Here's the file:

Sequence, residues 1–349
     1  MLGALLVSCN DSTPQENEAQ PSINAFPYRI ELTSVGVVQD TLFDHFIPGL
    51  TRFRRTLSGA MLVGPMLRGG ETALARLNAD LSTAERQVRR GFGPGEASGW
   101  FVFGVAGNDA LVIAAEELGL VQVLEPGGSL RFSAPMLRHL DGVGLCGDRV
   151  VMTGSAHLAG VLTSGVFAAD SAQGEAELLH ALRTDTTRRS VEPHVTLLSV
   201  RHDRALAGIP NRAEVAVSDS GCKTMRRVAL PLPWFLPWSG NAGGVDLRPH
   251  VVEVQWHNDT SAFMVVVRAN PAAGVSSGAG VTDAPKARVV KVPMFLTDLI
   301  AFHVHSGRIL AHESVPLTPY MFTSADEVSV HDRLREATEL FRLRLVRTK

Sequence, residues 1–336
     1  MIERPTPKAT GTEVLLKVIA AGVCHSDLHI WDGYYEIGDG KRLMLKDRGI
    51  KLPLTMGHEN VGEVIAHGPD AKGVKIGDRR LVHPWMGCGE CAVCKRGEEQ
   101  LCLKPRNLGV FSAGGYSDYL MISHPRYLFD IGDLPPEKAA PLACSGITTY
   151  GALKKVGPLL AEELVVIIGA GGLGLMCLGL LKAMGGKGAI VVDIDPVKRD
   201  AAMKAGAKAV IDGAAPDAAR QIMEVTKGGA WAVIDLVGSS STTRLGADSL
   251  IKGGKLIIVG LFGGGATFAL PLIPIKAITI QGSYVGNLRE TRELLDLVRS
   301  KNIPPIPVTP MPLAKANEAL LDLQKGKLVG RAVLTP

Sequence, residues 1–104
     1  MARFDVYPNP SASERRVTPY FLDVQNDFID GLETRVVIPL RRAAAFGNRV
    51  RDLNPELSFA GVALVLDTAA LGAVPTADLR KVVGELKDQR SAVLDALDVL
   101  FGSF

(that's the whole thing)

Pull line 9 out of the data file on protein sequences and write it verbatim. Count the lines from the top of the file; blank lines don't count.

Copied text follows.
Sequence, residues 1–336